A rare case of diaphragmatic paralysis due to isolated phrenic nerve palsy in a neonate.
A term male infant without shoulder dystocia was delivered by vacuum extraction at 38 weeks' gestation because of poor maternal effort from a 40-year-old mother. The birth weight was 4 320 g and the Apgar scores were 4 and 9 at 1 and 5 minutes, respectively. The infant required cardiopulmonary resuscitation due to birth asphyxia; he developed respiratory distress in the labour room, and was intubated and transferred to the neonatal intensive care unit with a clinical diagnosis of moderate birth asphyxia and respiratory distress. During the first day a chest radiograph showed elevation of the right hemidiaphragm (Fig. 1, left). He received ampicillin and gentamicin for the first 14 days due to pneumonia. Serial chest radiographs taken in the 3rd week showed persistent elevation of the right hemidiaphragm.
[FIGURE 1 OMITTED]
The infant was transferred to Hat Yai Hospital at 28 days. Physical examination revealed diminished breath sounds on the lower right side with chest retraction, and abdominal movement showed a paradoxical pattern. Findings on neurological examination were normal. I tried to wean him from the ventilator over about 10 days, but this was not successful. Fluoroscopy done on day 39 after birth showed marked elevation and paradoxical movement of the right diaphragm consistent with right phrenic nerve palsy. He remained dependent on ventilatory assistance, with increasing respiratory distress and oxygen requirement. On day 42 we performed a transabdominal plication of the right hemidiaphragm (Fig. 1, right). The operation revealed a high right diaphragm and normal diaphragmatic muscle. The infant was extubated 5 days later and discharged from hospital on day 47 with home oxygen therapy.
Although phrenic nerve palsy related to brachial plexus injury is a well-known result of birth trauma, (1-2) isolated phrenic nerve palsy has rarely been reported (1,4-5) and the actual incidence of this condition is unknown. Hughes et al. (1) reported isolated phrenic nerve palsy in 1 of a series of 164 infants with head and neck injury.
The pathogenesis of this condition is not clearly understood, and possible mechanisms suggested include an antenatal event such as pressure to the fetus in utero as a result of malposition, abnormality of the uterine cavity, or abnormal neurological development. (6) Autopsy in a case of neonatal isolated phrenic nerve palsy revealed haemosiderin deposits at the phrenic nerve and cervical plexus. (4) This seems to indicate that excessive traction during assisted vaginal delivery can contribute to phrenic nerve palsy through stretching of the phrenic nerve, even in the absence of brachial plexus injury.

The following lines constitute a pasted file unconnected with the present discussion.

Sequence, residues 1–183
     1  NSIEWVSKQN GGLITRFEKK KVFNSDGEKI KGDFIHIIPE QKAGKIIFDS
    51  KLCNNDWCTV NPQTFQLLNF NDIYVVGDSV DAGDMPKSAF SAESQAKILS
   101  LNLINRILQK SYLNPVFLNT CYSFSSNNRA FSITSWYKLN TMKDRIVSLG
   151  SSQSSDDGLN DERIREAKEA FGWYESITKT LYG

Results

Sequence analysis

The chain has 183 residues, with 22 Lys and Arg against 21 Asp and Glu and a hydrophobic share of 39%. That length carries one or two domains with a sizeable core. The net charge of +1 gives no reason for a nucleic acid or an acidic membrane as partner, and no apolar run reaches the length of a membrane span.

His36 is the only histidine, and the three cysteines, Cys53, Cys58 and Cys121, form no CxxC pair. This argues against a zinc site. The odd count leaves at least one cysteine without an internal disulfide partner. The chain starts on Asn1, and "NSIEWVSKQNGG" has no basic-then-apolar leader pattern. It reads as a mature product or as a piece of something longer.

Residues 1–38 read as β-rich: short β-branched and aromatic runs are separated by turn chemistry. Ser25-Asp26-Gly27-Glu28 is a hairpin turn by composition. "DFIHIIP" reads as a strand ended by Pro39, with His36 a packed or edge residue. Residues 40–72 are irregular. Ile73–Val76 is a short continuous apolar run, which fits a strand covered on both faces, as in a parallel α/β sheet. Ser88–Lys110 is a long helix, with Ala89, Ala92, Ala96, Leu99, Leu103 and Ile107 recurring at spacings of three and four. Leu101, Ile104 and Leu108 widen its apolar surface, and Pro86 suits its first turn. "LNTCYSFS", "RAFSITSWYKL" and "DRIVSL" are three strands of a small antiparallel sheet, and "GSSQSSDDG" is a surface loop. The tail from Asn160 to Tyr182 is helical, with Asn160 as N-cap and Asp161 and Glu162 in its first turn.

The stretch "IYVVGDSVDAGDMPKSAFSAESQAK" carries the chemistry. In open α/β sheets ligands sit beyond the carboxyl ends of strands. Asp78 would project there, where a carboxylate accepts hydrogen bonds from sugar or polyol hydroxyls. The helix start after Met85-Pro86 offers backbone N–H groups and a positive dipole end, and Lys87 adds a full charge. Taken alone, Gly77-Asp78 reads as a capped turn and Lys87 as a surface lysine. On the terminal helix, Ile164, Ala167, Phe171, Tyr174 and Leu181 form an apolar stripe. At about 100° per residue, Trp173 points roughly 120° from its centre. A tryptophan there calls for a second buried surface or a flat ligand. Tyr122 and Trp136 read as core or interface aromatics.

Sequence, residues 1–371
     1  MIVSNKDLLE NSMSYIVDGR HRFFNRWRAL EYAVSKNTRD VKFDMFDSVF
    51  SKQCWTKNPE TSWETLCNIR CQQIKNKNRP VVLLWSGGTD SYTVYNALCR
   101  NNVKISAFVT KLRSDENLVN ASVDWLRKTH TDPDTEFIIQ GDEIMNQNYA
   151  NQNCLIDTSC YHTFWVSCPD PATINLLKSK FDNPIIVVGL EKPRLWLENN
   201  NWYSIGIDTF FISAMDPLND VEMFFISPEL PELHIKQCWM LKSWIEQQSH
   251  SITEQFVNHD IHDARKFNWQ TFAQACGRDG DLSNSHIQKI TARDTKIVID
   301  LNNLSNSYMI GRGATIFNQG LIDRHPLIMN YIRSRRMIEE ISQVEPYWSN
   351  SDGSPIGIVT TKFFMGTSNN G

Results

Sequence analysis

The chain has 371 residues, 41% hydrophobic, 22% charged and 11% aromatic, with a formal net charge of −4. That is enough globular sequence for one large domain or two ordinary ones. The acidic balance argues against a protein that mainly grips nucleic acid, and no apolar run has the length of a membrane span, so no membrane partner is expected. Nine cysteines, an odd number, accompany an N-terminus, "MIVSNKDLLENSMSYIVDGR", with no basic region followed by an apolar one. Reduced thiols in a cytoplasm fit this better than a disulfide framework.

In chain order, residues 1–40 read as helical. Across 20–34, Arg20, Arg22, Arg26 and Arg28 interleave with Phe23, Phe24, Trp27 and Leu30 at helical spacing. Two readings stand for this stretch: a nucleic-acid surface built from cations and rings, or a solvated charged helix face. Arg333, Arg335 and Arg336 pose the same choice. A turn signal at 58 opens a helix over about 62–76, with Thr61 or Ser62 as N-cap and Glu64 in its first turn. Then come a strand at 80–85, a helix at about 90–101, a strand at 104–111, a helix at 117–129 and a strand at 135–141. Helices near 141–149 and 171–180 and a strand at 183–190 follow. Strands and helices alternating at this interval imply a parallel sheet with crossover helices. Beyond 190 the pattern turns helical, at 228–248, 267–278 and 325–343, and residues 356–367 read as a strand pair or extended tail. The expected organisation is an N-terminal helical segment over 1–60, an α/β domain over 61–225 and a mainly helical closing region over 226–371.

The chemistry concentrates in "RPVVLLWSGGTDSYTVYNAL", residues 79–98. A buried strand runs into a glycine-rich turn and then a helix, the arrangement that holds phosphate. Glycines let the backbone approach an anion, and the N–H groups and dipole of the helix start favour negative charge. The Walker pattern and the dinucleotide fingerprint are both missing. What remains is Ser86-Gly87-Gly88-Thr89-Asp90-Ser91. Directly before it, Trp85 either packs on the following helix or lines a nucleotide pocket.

Diaphragmatic paralysis due to phrenic nerve palsy related to brachial plexus injury may result in significant respiratory compromise, pulmonary infection, growth failure and even death. (2,4) Whether to opt for early surgical intervention or wait for spontaneous recovery is a difficult management decision. The timing of spontaneous recovery from isolated phrenic nerve palsy is not clear, and has been reported as varying from a few days to 6 months. (2,4-5) Some reports have suggested that symptomatic patients should be operated on early so that mechanical ventilation can be discontinued a few days after the operation. (3) However, most patients with isolated phrenic nerve palsy have received conservative treatment such as non-invasive continuous positive airway pressure until spontaneous recovery. (5) In this case the initial decision was conservative treatment with a positive-pressure ventilator, but the patient became dependent on the ventilator. To prevent serious complications from prolonged ventilation, diaphragmatic plication is required. Although in this case the operation was performed and the patient extubated 5 days later, he had developed chronic lung disease and was dependent on oxygen therapy after discharge. I agree with the suggestion of Tsugawa et al. (3) that early surgical intervention should be considered in cases dependent on mechanical ventilation, as this could decrease the duration of mechanical ventilation, reduce the risk of pulmonary infection, and shorten the length of hospital stay. I recommend that early surgical intervention be considered in cases dependent on mechanical ventilation to prevent complications. However, evidence from controlled prospective studies is needed to guide clinical practice.
(1.) Hughes CA, Harley EH, Milmoe G, Bala R, Martorella A. Birth trauma in the head and neck. Arch Otolaryngol Head Neck Surg 1999; 124: 193-199.
(2.) de Vries TS, Koens BL, Vos A. Surgical treatment of diaphragmatic eventration caused by phrenic nerve injury in the newborn. J Pediatr Surg 1998; 33: 602-605.
(3.) Tsugawa C, Kimura K, Nishijima E, Muraji T, Yamaguchi M. Diaphragmatic eventration in infants and children: Is conservative treatment justified? J Pediatr Surg 1997; 32: 1643-1644.
(4.) Harris GB. Unilateral paralysis of the diaphragm in the newborn. Postgrad Med 1971; 50: 51-54.
(5.) Escande B, Cerveau C, Kuhn P, Astruc D, Daemgen F, Messer J. Phrenic nerve paralysis of obstetrical origin: favorable course using positive airway pressure. Arch Pediatr 2000; 7: 965-968.
(6.) Gonik B, Walker A, Grimm M. Mathematic modeling of forces associated with shoulder dystocia: a comparison of endogenous and exogenous sources. Am J Obstet Gynecol 2000; 182: 689-691.
Narongsak Nakwan, MD
Department of Pediatrics, Hat Yai Medical Education Center, Hat Yai Hospital, Hat Yai, Songkhla, Thailand
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|Title Annotation:||CASE REPORT|
|Publication:||South African Journal of Child Health|
|Article Type:||Case study|
|Date:||Mar 1, 2008|
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